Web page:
Gabrielle Garcia / Staff Writer
It is all too often that a student will receive information, memorize it and then regurgitate that information for the sole purpose of doing well on an exam. This seemingly incessant cycle has existed in the educational system for decades – most evidently through the predominant pedagogy of “banking.”
In the second chapter of Paulo Freire’s Pedagogy of the Oppressed, Freire discusses the detrimental effects that banking, a method of teaching, has on the educational system’s students. Freire describes students as “containers, ‘receptacles’ to be ‘filled’ by the teachers.”
Furthermore, Freire explains how education has become a depositing act “in which the students are the depositories and the teacher is the depositor.”
Although many, if not most, degree programs have specifically constructed curriculums pertaining to the specific area of study, the arts hold transformative and progressive value to any academic experience. Arts as transformative education breaks away from the banking model of learning and fosters creativity in students.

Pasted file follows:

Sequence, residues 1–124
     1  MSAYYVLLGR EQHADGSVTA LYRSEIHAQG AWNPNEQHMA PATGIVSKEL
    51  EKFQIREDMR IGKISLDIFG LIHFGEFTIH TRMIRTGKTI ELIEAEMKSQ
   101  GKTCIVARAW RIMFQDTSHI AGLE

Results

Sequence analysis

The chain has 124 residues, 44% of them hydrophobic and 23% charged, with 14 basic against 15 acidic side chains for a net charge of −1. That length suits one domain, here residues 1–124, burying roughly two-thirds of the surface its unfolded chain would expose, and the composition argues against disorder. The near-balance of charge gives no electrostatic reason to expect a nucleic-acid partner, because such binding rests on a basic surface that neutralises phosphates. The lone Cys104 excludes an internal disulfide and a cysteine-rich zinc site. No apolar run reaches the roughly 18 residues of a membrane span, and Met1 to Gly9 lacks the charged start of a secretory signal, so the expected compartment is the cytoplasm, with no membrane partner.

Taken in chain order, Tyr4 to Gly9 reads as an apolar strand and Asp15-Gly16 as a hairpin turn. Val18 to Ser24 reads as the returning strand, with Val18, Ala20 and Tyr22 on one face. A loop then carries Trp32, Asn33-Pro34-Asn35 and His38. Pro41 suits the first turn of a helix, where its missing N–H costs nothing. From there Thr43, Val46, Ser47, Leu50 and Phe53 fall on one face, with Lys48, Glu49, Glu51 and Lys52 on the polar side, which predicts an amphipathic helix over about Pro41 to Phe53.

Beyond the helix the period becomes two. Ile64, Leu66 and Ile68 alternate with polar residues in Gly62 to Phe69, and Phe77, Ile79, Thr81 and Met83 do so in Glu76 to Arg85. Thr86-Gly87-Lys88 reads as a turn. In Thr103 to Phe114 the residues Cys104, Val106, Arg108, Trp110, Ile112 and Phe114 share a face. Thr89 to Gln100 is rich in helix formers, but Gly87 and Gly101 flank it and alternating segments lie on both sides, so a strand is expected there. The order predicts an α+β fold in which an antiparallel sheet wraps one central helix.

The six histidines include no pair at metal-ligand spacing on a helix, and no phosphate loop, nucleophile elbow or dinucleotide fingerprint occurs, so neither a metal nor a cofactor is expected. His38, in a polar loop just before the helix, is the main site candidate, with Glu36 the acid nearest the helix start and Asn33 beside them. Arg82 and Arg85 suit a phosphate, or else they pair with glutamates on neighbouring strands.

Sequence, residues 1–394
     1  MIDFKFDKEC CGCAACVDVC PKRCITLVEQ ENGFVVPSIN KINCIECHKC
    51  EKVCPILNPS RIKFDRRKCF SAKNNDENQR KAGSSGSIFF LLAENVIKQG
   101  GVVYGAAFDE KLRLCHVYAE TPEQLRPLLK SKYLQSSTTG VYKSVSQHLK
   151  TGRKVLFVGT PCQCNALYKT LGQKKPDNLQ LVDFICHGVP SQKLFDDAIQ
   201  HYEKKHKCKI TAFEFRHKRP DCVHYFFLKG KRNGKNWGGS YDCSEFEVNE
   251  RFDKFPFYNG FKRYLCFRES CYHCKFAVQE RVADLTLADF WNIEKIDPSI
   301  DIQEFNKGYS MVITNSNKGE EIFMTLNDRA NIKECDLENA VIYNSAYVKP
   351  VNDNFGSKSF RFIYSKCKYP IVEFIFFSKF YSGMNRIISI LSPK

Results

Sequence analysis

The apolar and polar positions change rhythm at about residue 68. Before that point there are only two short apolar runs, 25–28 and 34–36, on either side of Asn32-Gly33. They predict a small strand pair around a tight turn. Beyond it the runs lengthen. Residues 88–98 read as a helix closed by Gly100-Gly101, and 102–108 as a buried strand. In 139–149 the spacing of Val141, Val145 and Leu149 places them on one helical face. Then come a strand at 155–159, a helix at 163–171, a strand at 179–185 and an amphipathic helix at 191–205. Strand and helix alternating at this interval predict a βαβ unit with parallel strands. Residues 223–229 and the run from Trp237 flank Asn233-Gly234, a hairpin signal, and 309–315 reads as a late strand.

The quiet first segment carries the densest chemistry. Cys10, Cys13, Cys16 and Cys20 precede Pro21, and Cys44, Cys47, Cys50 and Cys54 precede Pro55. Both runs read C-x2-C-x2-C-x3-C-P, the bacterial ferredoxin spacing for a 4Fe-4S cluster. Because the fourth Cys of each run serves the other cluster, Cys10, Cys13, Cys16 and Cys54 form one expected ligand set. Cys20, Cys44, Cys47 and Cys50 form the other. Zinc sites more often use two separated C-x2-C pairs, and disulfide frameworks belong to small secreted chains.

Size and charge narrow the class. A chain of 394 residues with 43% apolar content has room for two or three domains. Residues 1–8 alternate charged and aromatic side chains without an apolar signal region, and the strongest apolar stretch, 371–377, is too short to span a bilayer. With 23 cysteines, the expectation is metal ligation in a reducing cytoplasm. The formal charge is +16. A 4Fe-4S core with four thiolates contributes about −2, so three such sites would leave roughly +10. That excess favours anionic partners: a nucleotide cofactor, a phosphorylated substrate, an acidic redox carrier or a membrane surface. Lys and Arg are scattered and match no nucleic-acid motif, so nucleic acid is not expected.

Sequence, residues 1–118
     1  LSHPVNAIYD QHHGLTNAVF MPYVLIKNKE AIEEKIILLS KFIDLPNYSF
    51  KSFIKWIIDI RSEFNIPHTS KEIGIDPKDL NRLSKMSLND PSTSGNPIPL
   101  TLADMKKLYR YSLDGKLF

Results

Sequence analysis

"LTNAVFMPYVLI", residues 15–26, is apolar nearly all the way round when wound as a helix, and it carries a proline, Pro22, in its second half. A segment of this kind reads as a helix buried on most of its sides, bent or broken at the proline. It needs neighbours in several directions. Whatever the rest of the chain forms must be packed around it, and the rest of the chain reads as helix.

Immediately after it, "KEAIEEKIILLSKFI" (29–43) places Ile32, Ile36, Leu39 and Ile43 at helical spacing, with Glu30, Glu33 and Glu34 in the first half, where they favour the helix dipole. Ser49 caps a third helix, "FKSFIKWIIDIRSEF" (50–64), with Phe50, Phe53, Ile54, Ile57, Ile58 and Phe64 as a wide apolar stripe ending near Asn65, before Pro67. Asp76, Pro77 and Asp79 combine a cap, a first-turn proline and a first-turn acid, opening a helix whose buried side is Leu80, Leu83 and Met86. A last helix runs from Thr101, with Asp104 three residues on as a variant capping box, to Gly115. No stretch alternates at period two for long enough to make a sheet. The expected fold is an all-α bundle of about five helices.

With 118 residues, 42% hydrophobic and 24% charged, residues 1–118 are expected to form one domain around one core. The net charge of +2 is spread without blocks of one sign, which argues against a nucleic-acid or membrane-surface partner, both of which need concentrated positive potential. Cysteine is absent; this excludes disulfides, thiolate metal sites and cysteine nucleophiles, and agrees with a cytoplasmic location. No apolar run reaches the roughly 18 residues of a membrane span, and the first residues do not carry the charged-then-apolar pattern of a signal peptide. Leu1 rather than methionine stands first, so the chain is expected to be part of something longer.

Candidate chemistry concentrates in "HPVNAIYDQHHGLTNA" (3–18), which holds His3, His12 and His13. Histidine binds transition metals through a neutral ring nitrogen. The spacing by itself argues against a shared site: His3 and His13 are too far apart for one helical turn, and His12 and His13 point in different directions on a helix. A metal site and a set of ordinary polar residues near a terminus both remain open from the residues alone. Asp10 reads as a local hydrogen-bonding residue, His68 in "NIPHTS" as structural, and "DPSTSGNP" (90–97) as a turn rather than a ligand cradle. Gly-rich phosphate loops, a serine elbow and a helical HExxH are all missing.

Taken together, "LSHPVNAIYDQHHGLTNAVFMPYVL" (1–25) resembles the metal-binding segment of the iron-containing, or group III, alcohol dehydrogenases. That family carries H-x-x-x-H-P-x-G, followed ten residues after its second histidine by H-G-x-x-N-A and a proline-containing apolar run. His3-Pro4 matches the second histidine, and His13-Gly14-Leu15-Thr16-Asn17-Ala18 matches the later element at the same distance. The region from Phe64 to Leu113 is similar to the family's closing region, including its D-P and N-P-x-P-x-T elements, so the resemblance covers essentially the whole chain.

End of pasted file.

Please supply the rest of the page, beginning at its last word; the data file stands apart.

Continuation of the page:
The arts provide alternative ways of thinking, speaking and existing. Beyond the classroom setting, the arts initiate a realm of forward thinking and challenge students to think not outside the box, but as if there is no box at all.
Art, whether culinary, visual, performed or written provides a person with the opportunity to see how modes of expression transcend beyond formal settings and that in itself renders any restrictive paradigm.
The arts allow for exploration of history and the realms of the sociological perspectives that have grown and evolved over time. The arts allow for people to develop inventiveness, visual learning skills and adapt to the challenges of decision-making and problem solving.
In essence, the arts are not solely reserved for those who wish to master a specific art form, rather the arts are a stepping-stone toward a transformative mode of thinking and being, which, as a transformative method of education, fosters creativity and provides an opportunity for students and professionals to immerse themselves in various aspects of a subject—there is no tunnel vision in education.
Creativity manifests itself in many ways, and the arts only enhance a student’s ability to think and to live creatively. Creativity exists in everyone. All human beings are unique, each with their own ethics, talents, emotions and aspirations.
Whether someone is the author of a New York Times bestselling novel, a doctor, an artist or a stay at home parent, a person has the ability to achieve greatness. Who says a person has to be the next Leonardo da Vinci to be considered creative?
[Image from Flickr]